lost men's wedding ring Tag | The Ring Finders

Luck of the Irish – Returning a lost ring on an Hawaiian Island beach!

from Big Island (Hawaii, United States)

It didn’t take us long to meet up with newlyweds Paul and Barbara on the beach after we’d gotten their call.

Paul was an Irishman with a new American lass for a wife – but Barbara had done all of the talking on the phone as Paul’s Irish accent was so thick. “Are you Ring Finders?” she asked.

As soon as we heard that Paul hadn’t seen his ring all day we knew we’d have a challenge. And they didn’t know where it could have been lost…!

Paul and Barbara had been married just five days earlier and were enjoying the restaurants and shops near their hotel here on the Big Island of Hawaii. As Paul tried on some Maui Jim sunglasses, he looked as his hand to admire this wedding ring – which was missing!

They’d seen a detectorist in the early morning combing the beach and didn’t want to loose their ring forever – so looked us up online to find and return their ring. We got to their hotel as soon as possible and decided that the small bay they’d spent the morning swimming in was a good place to start. Again, they weren’t sure if it was lost in the water, the sand, the hotel or the shops…!

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Brent Madison of Big Island Metal Detecting explains the basics of the Excalibur II metal detector and how small, lost gold rings can turn into big, found signals for recovery. Big Island, Hawaii.

Paul wasn’t a strong swimmer so we were confident that scuba wouldn’t be necessary though we’d packed our dive gear in the car.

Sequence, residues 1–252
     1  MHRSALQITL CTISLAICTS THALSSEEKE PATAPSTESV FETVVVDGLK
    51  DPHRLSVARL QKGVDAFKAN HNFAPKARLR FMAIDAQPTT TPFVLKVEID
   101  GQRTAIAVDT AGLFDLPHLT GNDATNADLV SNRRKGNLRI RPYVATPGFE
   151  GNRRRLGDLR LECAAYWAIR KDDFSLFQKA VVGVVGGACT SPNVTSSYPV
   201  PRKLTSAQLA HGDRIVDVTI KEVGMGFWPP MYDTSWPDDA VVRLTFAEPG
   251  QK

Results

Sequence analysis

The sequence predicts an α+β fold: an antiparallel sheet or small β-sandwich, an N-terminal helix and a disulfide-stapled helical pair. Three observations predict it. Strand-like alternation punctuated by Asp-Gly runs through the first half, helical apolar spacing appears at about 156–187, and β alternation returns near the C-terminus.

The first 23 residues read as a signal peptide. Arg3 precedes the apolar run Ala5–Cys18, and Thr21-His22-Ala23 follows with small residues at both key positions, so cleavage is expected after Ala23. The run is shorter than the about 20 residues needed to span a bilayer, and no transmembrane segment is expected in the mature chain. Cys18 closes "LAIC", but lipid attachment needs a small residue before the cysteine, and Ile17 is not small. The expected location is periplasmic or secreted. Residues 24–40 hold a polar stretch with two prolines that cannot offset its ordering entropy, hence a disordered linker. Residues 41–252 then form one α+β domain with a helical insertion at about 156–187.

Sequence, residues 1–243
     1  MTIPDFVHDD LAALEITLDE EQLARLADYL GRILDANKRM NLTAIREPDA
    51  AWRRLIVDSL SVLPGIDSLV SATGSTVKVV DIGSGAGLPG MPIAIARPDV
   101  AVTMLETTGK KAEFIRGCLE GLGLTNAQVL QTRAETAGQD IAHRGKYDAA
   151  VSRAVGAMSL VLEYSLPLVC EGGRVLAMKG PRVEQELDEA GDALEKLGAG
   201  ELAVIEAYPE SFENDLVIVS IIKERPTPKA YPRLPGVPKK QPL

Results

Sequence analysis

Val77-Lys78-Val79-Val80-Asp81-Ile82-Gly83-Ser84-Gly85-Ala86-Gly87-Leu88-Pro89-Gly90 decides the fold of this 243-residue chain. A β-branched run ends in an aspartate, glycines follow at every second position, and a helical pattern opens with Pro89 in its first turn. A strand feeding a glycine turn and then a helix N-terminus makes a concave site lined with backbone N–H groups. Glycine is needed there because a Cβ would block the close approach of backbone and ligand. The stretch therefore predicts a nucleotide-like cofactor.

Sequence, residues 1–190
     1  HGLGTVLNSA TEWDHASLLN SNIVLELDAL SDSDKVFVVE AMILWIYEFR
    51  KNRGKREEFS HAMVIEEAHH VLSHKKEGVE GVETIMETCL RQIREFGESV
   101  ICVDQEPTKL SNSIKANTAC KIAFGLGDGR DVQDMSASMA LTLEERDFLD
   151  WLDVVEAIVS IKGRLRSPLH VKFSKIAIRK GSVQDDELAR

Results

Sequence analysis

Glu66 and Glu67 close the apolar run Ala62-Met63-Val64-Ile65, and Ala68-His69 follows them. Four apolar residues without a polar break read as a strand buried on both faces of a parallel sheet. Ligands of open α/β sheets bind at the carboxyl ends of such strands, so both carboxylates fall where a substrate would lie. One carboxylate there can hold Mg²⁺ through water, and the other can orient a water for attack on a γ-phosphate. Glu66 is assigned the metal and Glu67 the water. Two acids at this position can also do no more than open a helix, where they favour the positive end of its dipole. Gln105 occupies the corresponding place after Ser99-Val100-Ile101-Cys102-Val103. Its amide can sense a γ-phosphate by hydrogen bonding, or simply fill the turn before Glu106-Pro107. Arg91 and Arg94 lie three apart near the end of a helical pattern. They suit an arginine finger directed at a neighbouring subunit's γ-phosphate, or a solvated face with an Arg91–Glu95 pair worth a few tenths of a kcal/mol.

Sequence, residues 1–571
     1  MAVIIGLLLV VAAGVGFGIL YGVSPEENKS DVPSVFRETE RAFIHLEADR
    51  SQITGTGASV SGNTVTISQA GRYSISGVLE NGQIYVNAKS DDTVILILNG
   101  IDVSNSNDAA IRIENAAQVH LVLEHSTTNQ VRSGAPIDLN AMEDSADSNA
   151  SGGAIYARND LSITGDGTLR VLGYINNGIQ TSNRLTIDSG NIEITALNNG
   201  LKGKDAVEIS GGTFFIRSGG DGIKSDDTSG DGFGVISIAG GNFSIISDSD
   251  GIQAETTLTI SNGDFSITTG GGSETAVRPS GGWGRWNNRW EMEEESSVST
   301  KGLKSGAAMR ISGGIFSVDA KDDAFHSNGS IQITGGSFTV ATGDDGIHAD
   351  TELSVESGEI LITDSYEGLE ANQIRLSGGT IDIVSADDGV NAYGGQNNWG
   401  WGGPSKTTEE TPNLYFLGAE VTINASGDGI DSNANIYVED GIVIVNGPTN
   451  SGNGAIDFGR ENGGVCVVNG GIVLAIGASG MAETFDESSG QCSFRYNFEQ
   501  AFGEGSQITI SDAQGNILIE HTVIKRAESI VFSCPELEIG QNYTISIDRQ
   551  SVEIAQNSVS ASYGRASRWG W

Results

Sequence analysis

I looked where Paul had rented a stand-up paddleboard while Sylvie searched the sandy bottom where Paul had remembered swimming in the warm, tropical waters of the bay.

Sylvie and I started our grid pattern searches with our metal detectors.

Beaches on the Big Island of Hawaii are so heavily searched by treasure hunters that neither of us hit any of the trash often found on other beaches around the world. We were well into our search pattern – at least 45 minutes – when I heard my name called and saw Paul and Sylvie “high-five’ing” nearby.

Sylvie had been carefully following her search pattern and talking to Paul as he snorkeled and bobbed around her. Suddenly she’d hit a “huge target” in her underwater headphones – then as suddenly, lost the signal. She was so deep in the water that she couldn’t hold the target under her detector and dig the target at the same time.

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Sylvie Madison of Big Island Metal Detecting gears up with her Garrett Sea Hunter metal detector to look in the water for a lost, men’s wedding ring. Big Island, Hawaii.

“Hold the detector here!” she told Paul, handing him her Garrett SeaHunter II, after she’d reacquired the signal. Sylvie dug and nothing. Then dug in the sandy bottom again.

In her scoop was Paul’s lost ring straining out of the sand. Barbara had been watching from beachside and rushed into the water when Sylvie pulled it from her scoop.

We all stood in the water admiring their newly found wedding ring, delighted together in Sylvie’s find. We laughed that Paul could start relaxing again on his honeymoon!

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A platinum wedding ring which was lost and found on the beaches of the Kohala Coast, Big Island, Hawaii.

Not knowing where they’d lost it, it seemed it had been the luck of the Irish to reunite them – a small ring in such a large world! Barbara was quick to qualify the reason – she’d been praying to St. Anthony, her patron saint, since they’d discovered the ring had been missing.

God knows the reasons some rings are found or not – and in the end, Paul, Barbara and us at Big Island Metal Detecting are all thankful that we could be part of the discovery of their lost treasure. Especially so early on in their new marriage!